House prices in Canada

Many journalistic sources have been commenting on the possibility that house prices in Canada have risen at unsustainable rates. Recently, The Economist printed:

Household debt has climbed to almost 170% of post-tax income. House prices rose by 20% in the year to April. Looked at relative to rents, they have deviated from their long-run average by more than any other big country The Economist covers in its global house-price index. In Toronto, one of two cities, along with Vancouver, where the boom has been concentrated, rental yields are barely above the cost of borrowing, even though interest rates are at record lows. In its twice-yearly health-check on the financial system, published this month, the Bank of Canada concluded that “extrapolative expectations” are a feature of the market. In other words, people are buying because they hope, or fear, that prices will keep rising.

They also note that house price inflation in Toronto is above 30%.

To me, a lot of this coverage seems to miss the link between house price inflation and global wealth inequality. People who own valuable assets have, in many cases, seen their wealth rise rapidly, while those reliant on wages have seen it stagnate or fall.

I think governments ought to be thinking much more seriously about policy mechanisms to curb inequality, including wealth taxes and guaranteed minimum incomes. This is both because much of the accumulation of wealth by the wealthy has been undeserved and because inequality distorts politics and social relations, making it harder to confront other problems.


Author: Milan

In the spring of 2005, I graduated from the University of British Columbia with a degree in International Relations and a general focus in the area of environmental politics. In the fall of 2005, I began reading for an M.Phil in IR at Wadham College, Oxford. Outside school, I am very interested in photography, writing, and the outdoors. I am writing this blog to keep in touch with friends and family around the world, provide a more personal view of graduate student life in Oxford, and pass on some lessons I've learned here.

4 thoughts on “House prices in Canada”

  1. Who owns the property?

    One factor that you did not mention in your report on Canada’s attempt to curb its booming house prices is the influence of illicit money on the housing market (“Maple grief”, June 17th). Canada has become such an attractive destination for money launderers and tax dodgers that they have a unique term for their practices: “snow washing”. Transparency International Canada has found that in Vancouver, Canada’s most overheated market, nearly half of the luxury properties we surveyed were owned through opaque structures such as shell companies, trusts or nominees. Making property ownership more transparent would discourage the flow of laundered money from abroad into Canadian property, and would deter the use of local nominees and shell companies to circumvent the foreign-ownership tax and other efforts to curb speculation.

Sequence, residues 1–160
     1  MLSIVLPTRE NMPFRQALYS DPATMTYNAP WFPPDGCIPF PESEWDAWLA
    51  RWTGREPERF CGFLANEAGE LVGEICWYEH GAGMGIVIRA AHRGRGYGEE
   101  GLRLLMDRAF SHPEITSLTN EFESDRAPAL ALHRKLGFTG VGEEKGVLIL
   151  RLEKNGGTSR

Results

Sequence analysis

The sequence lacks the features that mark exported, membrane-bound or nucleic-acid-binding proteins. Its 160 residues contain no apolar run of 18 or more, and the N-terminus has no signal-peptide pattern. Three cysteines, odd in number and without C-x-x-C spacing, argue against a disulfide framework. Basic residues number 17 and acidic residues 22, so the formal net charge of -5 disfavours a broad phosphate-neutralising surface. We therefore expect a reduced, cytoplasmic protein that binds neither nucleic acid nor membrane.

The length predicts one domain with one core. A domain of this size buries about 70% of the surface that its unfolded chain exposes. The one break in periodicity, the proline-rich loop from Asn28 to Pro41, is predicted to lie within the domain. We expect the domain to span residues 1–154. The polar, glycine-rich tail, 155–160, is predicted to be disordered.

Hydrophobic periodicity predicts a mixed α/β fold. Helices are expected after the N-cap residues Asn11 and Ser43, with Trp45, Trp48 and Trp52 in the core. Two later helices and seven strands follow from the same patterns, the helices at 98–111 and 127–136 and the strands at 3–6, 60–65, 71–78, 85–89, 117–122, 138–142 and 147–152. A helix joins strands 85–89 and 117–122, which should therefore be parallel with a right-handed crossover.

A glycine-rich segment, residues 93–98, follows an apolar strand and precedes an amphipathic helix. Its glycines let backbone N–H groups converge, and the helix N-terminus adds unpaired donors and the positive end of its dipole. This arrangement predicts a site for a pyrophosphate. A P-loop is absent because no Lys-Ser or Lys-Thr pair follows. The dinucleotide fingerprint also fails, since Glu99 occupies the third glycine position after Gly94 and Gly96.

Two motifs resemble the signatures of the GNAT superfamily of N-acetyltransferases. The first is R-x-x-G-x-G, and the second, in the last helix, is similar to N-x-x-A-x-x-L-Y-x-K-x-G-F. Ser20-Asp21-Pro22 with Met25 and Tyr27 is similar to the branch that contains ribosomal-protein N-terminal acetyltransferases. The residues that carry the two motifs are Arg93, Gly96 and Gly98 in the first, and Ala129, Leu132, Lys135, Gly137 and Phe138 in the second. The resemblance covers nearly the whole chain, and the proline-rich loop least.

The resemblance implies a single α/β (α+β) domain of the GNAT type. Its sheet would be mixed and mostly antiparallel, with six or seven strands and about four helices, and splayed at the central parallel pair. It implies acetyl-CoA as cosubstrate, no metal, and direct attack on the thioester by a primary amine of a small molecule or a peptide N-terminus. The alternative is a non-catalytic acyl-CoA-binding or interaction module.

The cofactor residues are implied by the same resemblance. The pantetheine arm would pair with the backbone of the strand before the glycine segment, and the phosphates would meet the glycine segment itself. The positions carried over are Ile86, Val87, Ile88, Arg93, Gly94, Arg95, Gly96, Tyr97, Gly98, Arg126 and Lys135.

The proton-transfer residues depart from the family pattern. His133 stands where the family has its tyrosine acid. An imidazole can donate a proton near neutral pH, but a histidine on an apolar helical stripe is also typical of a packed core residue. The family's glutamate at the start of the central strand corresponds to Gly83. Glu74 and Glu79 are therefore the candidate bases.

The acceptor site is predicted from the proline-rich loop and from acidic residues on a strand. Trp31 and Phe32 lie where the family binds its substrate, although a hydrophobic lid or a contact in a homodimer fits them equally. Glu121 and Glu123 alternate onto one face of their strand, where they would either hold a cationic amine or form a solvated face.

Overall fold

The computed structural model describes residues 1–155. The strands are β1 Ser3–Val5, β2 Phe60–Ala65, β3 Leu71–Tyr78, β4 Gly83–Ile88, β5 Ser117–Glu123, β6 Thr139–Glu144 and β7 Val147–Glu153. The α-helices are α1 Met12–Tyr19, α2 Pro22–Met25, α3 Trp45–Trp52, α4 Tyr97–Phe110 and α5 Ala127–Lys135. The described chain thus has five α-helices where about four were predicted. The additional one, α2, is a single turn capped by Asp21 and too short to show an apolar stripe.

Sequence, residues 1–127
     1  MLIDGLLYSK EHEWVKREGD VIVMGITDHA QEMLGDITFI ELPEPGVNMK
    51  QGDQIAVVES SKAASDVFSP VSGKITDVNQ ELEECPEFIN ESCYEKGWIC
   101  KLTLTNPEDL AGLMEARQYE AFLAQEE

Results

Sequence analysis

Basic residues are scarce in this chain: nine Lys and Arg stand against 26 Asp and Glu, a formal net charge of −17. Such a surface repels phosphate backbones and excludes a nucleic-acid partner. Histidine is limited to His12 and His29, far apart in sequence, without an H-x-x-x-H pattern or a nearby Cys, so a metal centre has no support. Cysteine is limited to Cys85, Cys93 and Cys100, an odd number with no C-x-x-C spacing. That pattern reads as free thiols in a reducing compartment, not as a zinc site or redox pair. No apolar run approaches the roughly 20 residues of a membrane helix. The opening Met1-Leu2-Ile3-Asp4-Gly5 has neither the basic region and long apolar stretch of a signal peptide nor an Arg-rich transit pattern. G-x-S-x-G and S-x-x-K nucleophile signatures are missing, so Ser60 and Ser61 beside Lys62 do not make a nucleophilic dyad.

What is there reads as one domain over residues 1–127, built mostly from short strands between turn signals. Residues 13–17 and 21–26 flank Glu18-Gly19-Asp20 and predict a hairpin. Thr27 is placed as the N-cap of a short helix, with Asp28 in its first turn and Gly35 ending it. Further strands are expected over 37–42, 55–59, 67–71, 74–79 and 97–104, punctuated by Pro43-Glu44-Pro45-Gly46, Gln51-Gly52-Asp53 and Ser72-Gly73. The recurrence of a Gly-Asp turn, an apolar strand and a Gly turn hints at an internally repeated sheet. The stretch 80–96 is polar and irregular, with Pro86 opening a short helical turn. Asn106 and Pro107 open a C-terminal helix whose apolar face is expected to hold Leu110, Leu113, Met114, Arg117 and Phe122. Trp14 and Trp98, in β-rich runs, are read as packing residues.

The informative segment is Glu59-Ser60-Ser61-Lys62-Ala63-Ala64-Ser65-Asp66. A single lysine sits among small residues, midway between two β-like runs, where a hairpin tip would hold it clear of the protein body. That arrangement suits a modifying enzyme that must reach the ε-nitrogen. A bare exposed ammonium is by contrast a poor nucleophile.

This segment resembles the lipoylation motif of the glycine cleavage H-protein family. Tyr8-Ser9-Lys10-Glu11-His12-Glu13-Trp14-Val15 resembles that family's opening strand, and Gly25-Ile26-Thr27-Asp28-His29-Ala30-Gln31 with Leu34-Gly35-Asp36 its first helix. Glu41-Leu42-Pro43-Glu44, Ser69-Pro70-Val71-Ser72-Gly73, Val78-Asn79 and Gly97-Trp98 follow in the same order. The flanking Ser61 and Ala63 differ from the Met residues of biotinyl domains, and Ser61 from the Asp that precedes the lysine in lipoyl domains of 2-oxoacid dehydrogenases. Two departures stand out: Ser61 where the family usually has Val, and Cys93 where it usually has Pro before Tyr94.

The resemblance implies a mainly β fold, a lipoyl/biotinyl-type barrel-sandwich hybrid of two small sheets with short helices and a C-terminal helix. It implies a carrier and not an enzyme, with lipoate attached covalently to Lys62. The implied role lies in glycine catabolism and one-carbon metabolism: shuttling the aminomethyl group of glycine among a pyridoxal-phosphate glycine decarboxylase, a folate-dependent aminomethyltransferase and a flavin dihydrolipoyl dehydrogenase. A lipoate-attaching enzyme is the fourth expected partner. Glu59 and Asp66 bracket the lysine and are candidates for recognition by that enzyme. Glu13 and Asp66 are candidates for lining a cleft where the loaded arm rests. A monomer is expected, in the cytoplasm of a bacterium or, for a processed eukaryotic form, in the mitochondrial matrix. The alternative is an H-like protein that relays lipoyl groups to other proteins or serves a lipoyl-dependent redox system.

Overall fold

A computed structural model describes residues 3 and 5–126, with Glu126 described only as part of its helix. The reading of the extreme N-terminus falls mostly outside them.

Though Canada has made lofty pledges at the G20 and other forums to improve ownership transparency, so far it has done little to keep step with the likes of Britain and the EU, which are making commendable progress towards publicly accessible registers of beneficial owners.

    Interim executive director
    Transparency International Canada

  2. Toronto Housing Bubble Pops. “Genuine Fear” of Price Collapse

    Sales volume crashes, prices plunge from April peak.

    In the Greater Toronto Area, sales of homes of all types in July plunged 40.4% compared to July last year to 5,921 transactions. By type:

    Detached houses -47.4%
    Semi-detached houses -38.6%
    Townhouses -36.5%:
    Condos -30.5%.

    At the same time, as sales volume was plunging and potential buyers were staying away in droves, the number of new listings rose 5.1%, according to the Toronto Real Estate Board. This left total active listings 65% above the level a year ago.

  3. Income and geographic distribution of low-income renters in Toronto

    The table confirms that renter incomes are about half those of owners and that most average income gains over the 1996-2006 period accrued to owners.

    Figure 4 presents LIM rents as a percent of household income for 1996 and 2006, graphed against CT average household income, in constant 2006 dollars. Other renters (not shown) paid a relatively steady average of about 19% of their income of rent for 1996 and 2006, suggesting these households geographically sort themselves by average CT income. On the other hand, LIM renters are generally struggling with rent, paying an average of about 57% of their income in 1996 and about 55% in 2006. This modest decrease is due to average real incomes increasing more (9%) than average rent (5%) from 1996 to 2006.

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